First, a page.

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scan0034 (Photo taken near the end of my McCareer at my old office within McDonald’s Oak Brook, IL global home office.) Fifteen years ago tomorrow, I retired, at the very cusp of the Millennium, vowing I’d worked enough in one century, and wouldn’t make that mistake in another.  In early 1985, I’d joined McDonald’s as head of corporate communications, a position I would hold for 15 years. At my retirement party, in a take-off on Ernest Hemingway, I’d noted that I’d spent much of the 1970’s with McDonald’s national public relations agency, Golin/Harris, which I referred to as my golden salad days, then from the mid-80s through the 90s at McDonald’s corporate office, as the hearty main course of my career, and then in the new 21st century began the savory dessert course of so-called retirement. And like most desserts, this final course, over the last 15 years, has been sweet and savory. Thanks to all who have been along on all, or even part, of my continuing journey. Cheers for the New Year!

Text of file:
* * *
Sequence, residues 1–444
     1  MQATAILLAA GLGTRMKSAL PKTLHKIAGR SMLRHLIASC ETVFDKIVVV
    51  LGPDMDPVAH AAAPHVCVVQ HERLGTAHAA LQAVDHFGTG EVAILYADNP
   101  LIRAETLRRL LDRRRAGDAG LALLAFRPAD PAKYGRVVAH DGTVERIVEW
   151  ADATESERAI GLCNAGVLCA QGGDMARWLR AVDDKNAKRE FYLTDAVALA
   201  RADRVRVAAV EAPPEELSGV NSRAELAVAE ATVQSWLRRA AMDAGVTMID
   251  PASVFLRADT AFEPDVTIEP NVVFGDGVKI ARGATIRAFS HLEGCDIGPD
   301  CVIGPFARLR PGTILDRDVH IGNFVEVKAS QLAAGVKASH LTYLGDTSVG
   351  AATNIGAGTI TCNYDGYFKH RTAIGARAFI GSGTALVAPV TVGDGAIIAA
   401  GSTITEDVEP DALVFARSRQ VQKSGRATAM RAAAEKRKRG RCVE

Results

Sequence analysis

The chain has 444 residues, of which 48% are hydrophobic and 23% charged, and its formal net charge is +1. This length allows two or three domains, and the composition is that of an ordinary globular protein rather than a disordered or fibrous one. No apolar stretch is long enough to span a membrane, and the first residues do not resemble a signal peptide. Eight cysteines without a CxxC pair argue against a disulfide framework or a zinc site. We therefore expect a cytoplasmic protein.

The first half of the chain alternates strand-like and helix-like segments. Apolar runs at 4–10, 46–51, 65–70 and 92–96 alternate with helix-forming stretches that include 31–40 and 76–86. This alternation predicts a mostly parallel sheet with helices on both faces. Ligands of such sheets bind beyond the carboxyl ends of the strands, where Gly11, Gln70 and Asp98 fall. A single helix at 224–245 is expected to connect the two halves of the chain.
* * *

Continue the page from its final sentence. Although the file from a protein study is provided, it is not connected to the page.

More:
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I wonder if increasing incidents of violence by and against police are another symptom of emerging class struggle in American society, brought on by dramatically increasing economic bipolarity, which itself is inculcated by lack of family values and education and reduced middle class opportunity on the one hand, and increasing economic and political leverage and social insularity by the highly educated and wealthy on the other?

Have things really changed for the have-nots? The Bureau of Labor Statistics shows that the median age of front-line fast food workers, earning just above the minimum wage, is now more than 29, unlike the teenagers employed in such low level jobs in the 1950s through 90s. And 50% of those workers are now on public assistance, vs. 25% in the general population, indicating the inadequacy of such low wages. We see police increasingly armed to the teeth. The numbers of the underemployed and those not even seeking employment is soaring.